The BeagleV was supposed to be one of the first affordable single-board computers with a RISC-V processor. But the board, which was introduced in January, never went into mass production and the whole project was cancelled in July.

But now StarFive has unveiled a new single-board computer with similar specs but a slightly different design. It’s called the VisionFive V1, and it’s a 3.9″ x 2.8″ computer board powered by a 1.5 GHz dual-core SiFive U74 processor based on RISC-V architecture.

The chip includes AI features for computer vision and other machine learning tasks, as well as support for hardware-accelerated video decoding for 4K video at up to 60 Hz or two 4K/30Hz displays.

Other features of the VisionFive V1 include 8GB of LPDDR4 memory, a microSD card for storage, and ports including:

  • 1 x Gigabit Ethernet
  • 1 x HDMI 1.4
  • 1 x 3.5mm audio
  • 4 x USB 3.0
  • 1 x USB Type-C (for power)

There’s also a 40-pin GPIO header, MIPI-DSI and MIPI-CSI connectors for displays and/or cameras, and built-in support for WiFi 4 and Bluetooth 4.2.

The board will ship with support for Fedora Linux as well as other operating systems including Yocto, Buildroot, FreeRTOS, and Zephyr, with plans to add support for other operating systems in the future.

While StarFive hasn’t announced a release date yet, the company is set to give a talk about the VisionFive V1 on December 8th during the RISC-V summit, and according to a set of slides prepared for the presentation, the board will sell for $149.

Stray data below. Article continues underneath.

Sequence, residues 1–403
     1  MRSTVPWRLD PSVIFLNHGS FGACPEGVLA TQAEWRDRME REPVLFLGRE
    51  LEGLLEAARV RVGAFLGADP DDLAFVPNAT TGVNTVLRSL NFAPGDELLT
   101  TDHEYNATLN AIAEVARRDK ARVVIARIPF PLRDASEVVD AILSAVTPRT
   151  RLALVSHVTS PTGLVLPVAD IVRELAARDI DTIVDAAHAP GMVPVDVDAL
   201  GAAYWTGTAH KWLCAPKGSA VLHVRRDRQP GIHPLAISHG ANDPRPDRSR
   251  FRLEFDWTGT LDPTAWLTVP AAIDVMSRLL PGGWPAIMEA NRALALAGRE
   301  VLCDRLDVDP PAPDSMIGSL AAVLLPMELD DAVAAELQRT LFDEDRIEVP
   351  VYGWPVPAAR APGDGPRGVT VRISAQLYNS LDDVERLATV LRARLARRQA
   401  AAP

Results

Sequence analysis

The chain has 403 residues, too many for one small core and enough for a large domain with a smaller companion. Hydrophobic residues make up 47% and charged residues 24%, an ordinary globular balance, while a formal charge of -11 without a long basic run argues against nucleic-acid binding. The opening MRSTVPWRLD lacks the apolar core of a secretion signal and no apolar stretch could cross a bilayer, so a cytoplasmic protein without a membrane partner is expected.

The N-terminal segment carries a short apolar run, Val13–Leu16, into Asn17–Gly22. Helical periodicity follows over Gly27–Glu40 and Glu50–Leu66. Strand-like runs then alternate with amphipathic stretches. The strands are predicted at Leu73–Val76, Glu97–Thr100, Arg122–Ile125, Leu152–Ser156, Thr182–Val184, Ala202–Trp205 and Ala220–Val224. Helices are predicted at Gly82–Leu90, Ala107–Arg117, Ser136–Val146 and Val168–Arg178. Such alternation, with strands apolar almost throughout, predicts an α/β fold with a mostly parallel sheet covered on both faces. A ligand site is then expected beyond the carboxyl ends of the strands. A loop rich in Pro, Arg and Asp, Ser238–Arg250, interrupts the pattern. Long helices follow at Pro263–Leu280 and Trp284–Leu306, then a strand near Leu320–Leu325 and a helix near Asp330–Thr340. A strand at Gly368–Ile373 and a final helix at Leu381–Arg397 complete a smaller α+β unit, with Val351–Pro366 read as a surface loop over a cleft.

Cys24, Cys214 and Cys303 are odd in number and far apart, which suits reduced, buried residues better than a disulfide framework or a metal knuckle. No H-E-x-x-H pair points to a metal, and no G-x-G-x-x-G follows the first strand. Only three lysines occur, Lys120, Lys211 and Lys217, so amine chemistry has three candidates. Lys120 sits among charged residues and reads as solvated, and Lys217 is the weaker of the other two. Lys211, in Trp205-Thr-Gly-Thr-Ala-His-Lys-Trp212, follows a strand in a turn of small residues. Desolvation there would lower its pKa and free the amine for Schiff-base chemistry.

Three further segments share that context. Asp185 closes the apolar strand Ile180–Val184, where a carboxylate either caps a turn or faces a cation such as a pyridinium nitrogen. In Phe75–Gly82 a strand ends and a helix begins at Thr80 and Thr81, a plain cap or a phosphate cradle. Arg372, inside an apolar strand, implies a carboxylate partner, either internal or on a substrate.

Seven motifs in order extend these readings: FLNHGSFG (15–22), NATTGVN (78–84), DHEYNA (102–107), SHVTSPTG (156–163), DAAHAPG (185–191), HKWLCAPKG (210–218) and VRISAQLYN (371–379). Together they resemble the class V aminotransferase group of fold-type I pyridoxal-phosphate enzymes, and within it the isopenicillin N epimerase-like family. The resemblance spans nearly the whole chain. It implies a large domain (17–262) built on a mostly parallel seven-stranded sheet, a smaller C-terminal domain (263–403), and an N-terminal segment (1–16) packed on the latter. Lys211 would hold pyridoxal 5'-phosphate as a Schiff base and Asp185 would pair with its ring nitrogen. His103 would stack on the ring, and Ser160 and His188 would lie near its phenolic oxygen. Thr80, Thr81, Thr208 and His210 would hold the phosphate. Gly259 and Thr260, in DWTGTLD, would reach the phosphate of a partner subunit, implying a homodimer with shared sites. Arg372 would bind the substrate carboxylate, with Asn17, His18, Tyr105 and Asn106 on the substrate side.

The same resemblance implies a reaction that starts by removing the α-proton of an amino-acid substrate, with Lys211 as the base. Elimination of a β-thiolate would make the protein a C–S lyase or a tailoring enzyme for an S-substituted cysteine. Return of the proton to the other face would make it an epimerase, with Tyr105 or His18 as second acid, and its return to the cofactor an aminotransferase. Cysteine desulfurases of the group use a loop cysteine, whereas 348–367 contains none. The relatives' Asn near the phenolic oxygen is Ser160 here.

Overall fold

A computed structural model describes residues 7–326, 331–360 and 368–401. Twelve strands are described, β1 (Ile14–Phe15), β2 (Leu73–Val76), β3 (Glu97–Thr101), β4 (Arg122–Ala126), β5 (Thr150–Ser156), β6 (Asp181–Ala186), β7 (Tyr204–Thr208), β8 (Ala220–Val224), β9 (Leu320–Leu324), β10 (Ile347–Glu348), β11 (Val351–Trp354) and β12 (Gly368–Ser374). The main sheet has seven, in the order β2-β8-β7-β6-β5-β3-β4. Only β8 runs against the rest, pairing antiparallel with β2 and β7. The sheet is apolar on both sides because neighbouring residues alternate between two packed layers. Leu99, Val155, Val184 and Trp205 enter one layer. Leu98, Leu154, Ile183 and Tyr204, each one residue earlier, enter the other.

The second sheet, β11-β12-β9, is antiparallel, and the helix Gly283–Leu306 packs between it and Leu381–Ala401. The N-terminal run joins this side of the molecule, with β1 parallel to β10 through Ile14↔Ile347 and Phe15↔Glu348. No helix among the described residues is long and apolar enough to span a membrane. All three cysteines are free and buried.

The slides also mention plans for an upcoming VisionFive V2 board with a quad-core U74 processor, a GPU with “high performance” 3D graphics support, and support for PCIe 2.0 x2 and HDMI 2.0.

via LinuxGizmos, RVspace forum, and CNX Software

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  1. I wonder at which manufacturing node they will be cost effective against ARM (10% cheaper?). They are going to have to fight the “nobody ever got fired for buying IBM” mentality with ARM customers.

  2. AFAIK, a big factor in the BeagleV getting cancelled was cache coherency-related design problems in the JH7100, and general bugginess. Presumably most of the issues will be ironed out in the JH7110 (that the presentation will be used in the VisionFive V2), but anyone planning on getting one of these V1s should be prepared for a bumpy ride.

  3. They position it as a “vision” SoC and claim it supports Tensorflow Light and Caffe, but never mentions what is it capable of. Why? Does it have something rudimentary which is 1000 times slower than Jetson Nano? Or is it faster?

    1. According to the data sheet, it has a Cadence/Tensilica VP6 DSP for vision processing, a deep learning accelerator based on Nvidia’s NVDLA, and a proprietary neural network engine. You can find the data sheet just by searching for the SoC name.